Monday, February 1, 2016

Red Bank Boro: Where Charterization, Population Growth, and Underaiding Create a Budgetary Crisis

One of New Jersey's most budgetarily embattled districts is Red Bank Boro.

Red Bank Boro, known for having one of the coolest downtowns in New Jersey, also has one of the poorest, most disadvantaged student populations in New Jersey.

First Red Bank Boro has the highest percentage of LEP-qualified students in New Jersey.

Second, Red Bank Boro has the 11th highest percentage of students who are Free & Reduced Lunch eligible.

Red Bank Boro has an above-average tax base ($18 million in Local Fair Share for 1,496 students, or over $13,000 a student), so it should not be an Abbott, but it has some of the challenging demographics in New Jersey and its students are poorer than the students in most of the Abbott districts.

However, despite its good tax base and healthy $15 million tax levy, Red Bank Boro has seen exceptional student population growth in the last few years, mostly among the Latino population.

Source: User Friendly Budgets

Red Bank has increased taxes tremendously due to this population increase, increasing the levy 33% from $11,604,290.00 in 2009-10 to $15,497,094 in 2015-16.  The tax levy increase between 2013-14 and 2014-15 was 10%, a one year increase that is higher than what some other districts have increased their taxes over the entire five year period.  However, Red Bank's solid tax base cannot keep up with tax increases necessary to sustain education programs.  Since state aid has been flat in the last few years, Red Bank Boro's school spending has fallen.

Source: User Friendly Budgets (Other Sources Give Slightly Different Amounts for Per Pupil Spending)

The population growth and the population's disadvantage means that Red Bank is one of New Jersey's most underaided districts.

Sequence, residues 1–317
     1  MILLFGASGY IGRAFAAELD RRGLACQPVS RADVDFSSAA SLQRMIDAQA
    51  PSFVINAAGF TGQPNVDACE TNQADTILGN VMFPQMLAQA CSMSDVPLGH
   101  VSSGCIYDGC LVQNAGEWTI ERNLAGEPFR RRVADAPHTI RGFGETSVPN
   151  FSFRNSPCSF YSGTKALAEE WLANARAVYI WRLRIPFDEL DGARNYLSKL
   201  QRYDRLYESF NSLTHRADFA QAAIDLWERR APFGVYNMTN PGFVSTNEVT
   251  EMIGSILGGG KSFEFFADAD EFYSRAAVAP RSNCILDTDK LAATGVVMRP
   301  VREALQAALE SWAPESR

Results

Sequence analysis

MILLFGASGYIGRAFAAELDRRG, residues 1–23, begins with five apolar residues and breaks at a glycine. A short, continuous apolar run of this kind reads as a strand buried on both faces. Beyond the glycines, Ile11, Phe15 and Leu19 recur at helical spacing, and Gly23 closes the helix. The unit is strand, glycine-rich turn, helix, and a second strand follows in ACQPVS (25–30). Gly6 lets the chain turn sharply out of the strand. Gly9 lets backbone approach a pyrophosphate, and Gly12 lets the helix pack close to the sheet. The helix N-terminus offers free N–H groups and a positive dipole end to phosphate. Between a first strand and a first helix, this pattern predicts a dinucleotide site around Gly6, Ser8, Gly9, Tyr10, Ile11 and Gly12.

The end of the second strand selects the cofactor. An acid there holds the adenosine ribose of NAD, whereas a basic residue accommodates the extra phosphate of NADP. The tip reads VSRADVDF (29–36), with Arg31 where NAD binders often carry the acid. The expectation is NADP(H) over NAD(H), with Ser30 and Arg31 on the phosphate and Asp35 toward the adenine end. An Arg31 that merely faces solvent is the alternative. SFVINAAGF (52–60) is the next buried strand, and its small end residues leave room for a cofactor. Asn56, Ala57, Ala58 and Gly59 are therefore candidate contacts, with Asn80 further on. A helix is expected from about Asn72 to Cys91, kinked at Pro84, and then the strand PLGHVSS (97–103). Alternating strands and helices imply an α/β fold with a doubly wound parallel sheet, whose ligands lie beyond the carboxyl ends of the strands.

The Red Bank Charter School's Proposed Expansion

Red Bank also has a charter school known as the "Red Bank Charter School."

The Red Bank Charter School draws children solely from Red Bank and has a socioeconomically disproportionate enrollment from the Red Bank district schools.  Whereas the Red Bank Boro schools are less than 10% white, the Red Bank Charter School is over 50% white.   Jersey Jazzman has documented the disproportionalities in greater detail.

Source: Taxpayer Guide to Education Spending.

Over the last few years payments to the Red Bank Charter School have slightly fallen, dropping from $1.8 million in 2009-10 to $1.7 million in 2015-16.

HOWEVER, now the Red Bank Charter School is proposing to double its enrollment from about 200 students to about 400 over three years.

This would mean a proportional doubling of charter school transfers and a presumed loss to the Red Bank Boro Schools of another $1.7 million, at least.

The Red Bank Charter School expansion application contains irrelevant claims that the expansion application should be approved because the RBCS outperforms the Red Bank Boro schools, such as the Red Bank Boro schools are at the 19th percentile in statewide performance whereas the charter school is at the 73rd percentile and yet doesn't acknowledge the socioeconomic disproportionalities that make it possible.

Red Bank Boro's greater financial problem is its lack of state aid, but the approval of the Red Bank Charter School expansion would also hurt enormously.

If the expansion is approved the Red Bank Boro Schools would have 200 fewer kids to educate (probably fewer, since some RBCS kids would be formerly in private school), but the savings would not equal the increased transfers to the charter school.

Fortunately State Senator Jennifer Beck has come out against the Red Bank Charter School expansion unless Red Bank gets its full state funding, says "[expansion] would devastate an already significantly under-funded school district and clearly place a huge new tax burden on approximately 12,000 residents of this 1.6 square mile Borough."

Beck continues and differentiates Red Bank from other districts where charters might be considered:

Recall that unlike many other school districts with charter schools, we are not a former Abbott, only accept Red Bank students [meaning it is not an Interdistrict Choice district] and are a small Borough where 16% of our property is tax exempt.
As a resident of Red Bank and an advocate for all of our children, I am requesting that you either provide full funding to the Red Bank School District or reject the application.  This issue is NOT about public schools versus charter schools, this is purely about providing appropriate funding so all children have a solid education.  [her emphasis]
I hope that David Hespe heeds Jennifer Beck's advise and if he cannot properly aid Red Bank that he reject this charter school expansion.

Please, if you want to help Red Bank Boro and other underaided districts, please sign this state aid petition from Our Fair Share!

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